Borges says that Blue Earth strives for a lasting legacy. "If you look at the work that photographers do that stands the test of time, it's usually projects they went out and did whether they had any backing or not — projects close to their hearts."
The alliance's founders created a booklet to be given to members and applicants, called "Shooting from the Heart."
"That phrase describes Natalie," says Mossberg. He cites her salmon project as an example of how she "diminishes her role to focus people's attention on the causes she promotes," and says such caring gestures "go beyond photography, to her personal relationships."
For the first few years, Blue Earth existed mainly because of Fobes, says Borges. "This is a work of the soul . . . and it was her determination and spirit that kept Blue Earth alive."
In recognition of Fobes' untiring work with the organization, Blue Earth instituted a new award, and gave her the first one. "Because she's been a guiding light, a beacon that we all could follow," says Mossberg, "we named it the Natalie Award."
"It's the one award that I have in my window in my breakfast nook," Fobes says.
Focus on the family
Fobes is taking more time for meals at home these days, cutting back on photo projects that require her to travel. She also stepped back from work on the alliance's board last year, partly because she and her husband, Seattle Post-Intelligencer editor Scott Sunde, had adopted a baby. Their daughter, Virginia Ray Yuxuan Fobes Sunde — Chinese by birth — is two-and-a-half years old.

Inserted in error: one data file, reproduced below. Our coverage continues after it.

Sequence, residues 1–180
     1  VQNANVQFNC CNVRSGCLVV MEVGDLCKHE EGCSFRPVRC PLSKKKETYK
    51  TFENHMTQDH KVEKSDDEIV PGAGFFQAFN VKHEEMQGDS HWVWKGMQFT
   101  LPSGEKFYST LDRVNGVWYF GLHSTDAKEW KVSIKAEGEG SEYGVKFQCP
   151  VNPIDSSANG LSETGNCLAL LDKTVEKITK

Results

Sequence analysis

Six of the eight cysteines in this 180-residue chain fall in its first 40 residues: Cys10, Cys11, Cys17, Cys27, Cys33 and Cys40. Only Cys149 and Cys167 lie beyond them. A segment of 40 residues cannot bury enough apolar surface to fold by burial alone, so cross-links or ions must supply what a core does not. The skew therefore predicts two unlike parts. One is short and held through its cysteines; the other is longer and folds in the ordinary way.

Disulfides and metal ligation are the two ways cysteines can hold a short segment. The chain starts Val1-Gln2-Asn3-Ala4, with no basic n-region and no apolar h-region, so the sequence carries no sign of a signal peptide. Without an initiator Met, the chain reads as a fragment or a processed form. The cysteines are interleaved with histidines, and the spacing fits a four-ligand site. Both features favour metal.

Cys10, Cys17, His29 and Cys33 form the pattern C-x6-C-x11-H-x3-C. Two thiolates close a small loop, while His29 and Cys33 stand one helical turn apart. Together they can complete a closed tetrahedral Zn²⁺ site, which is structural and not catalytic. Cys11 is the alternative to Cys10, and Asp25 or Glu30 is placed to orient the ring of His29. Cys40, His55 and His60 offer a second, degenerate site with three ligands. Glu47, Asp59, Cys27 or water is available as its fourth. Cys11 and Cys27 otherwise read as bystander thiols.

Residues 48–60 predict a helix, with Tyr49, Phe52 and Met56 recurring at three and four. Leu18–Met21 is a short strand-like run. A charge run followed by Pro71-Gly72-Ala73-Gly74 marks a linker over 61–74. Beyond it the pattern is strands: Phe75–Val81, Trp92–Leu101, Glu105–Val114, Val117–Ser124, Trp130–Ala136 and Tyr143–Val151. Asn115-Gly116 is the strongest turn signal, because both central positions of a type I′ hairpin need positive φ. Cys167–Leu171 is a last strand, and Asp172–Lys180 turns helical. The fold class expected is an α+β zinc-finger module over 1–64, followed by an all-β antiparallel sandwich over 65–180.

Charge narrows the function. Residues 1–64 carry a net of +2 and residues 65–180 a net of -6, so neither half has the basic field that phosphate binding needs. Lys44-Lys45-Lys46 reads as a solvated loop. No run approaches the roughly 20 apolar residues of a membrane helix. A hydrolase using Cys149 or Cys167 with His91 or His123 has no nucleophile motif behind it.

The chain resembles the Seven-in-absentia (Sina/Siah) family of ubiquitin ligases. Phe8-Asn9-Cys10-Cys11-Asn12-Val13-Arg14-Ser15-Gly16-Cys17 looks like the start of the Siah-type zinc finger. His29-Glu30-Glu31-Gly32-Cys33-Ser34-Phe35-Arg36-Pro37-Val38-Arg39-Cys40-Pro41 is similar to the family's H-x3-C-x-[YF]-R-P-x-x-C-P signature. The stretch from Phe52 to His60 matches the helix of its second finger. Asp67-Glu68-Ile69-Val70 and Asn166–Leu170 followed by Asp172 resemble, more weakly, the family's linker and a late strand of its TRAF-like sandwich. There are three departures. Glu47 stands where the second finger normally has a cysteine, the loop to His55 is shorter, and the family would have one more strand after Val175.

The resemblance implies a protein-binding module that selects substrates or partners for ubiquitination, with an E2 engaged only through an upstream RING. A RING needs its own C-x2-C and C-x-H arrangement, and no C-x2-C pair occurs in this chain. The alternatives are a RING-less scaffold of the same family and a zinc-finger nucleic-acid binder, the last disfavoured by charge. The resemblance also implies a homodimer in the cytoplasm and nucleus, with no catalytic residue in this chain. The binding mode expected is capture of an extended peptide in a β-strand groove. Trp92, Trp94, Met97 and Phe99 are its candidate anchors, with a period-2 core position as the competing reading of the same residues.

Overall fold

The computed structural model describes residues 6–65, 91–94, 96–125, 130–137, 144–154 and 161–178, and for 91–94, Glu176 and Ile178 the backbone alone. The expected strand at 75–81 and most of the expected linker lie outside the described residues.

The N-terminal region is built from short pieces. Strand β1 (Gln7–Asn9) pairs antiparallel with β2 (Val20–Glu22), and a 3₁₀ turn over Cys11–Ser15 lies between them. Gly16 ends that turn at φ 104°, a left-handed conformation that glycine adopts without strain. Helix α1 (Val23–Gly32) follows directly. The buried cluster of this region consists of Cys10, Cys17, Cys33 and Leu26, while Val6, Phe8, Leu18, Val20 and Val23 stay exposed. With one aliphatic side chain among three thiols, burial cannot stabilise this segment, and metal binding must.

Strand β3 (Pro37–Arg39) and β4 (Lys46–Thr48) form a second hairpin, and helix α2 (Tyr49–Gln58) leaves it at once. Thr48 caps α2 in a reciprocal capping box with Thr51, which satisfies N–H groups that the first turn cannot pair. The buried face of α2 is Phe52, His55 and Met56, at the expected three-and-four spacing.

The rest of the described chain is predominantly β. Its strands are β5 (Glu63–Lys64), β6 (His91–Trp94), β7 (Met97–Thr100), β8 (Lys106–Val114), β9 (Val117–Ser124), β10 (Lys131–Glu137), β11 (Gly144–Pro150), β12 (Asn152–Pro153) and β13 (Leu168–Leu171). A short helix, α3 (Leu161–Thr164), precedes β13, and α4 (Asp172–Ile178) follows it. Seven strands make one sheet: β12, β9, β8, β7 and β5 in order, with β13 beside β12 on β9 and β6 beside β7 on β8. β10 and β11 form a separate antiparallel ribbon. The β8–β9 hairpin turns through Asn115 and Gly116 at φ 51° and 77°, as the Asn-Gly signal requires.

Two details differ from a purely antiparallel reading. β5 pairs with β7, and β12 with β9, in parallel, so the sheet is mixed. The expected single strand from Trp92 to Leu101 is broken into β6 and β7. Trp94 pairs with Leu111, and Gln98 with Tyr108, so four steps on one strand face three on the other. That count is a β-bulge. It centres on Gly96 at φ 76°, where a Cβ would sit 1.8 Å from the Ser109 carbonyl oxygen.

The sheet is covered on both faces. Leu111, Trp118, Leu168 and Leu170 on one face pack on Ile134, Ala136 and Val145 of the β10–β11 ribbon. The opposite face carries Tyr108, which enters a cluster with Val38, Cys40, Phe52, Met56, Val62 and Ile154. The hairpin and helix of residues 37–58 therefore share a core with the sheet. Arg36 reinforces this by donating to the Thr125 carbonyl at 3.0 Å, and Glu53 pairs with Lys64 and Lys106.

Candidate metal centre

In a move to build on her diverse freelance portfolio, Fobes is now taking assignments shooting weddings. "What a wedding assignment allows me to do is to go out and make great pictures of people living their lives," she explains. "I can shoot photojournalistically and capture the moment." Then she exercises creativity by putting together a book for the happy couple. "I can tell those stories, choose the pictures, and play off the large and small."
She's taking more time for writing, too, a focus renewed when assignments dried up after Sept. 11, 2001. Her essay on photographing Indians fishing on the Klickitat River appears in an anthology of women writers called A Road of Her Own, and she's on the fourth draft of a murder mystery set in a commercial fishery in Bristol Bay, Alaska. Always the educator, she describes the book as "trying to get this murder solved while teaching people about commercial fishing."
What Fobes has learned lately is that the great stories out there are not always tied to extensive, exotic travel. "The world starts at your front door," she says. "That's something that photographers often forget. I have traveled the world and had great experiences, and I will have them again. Right now I'm just enjoying the experience of watching this wonderful little girl grow." Her heart has found another project.
"The way I live my life in general is caring for other people and caring for the state of the world," she says. "That's been the case ever since I can remember."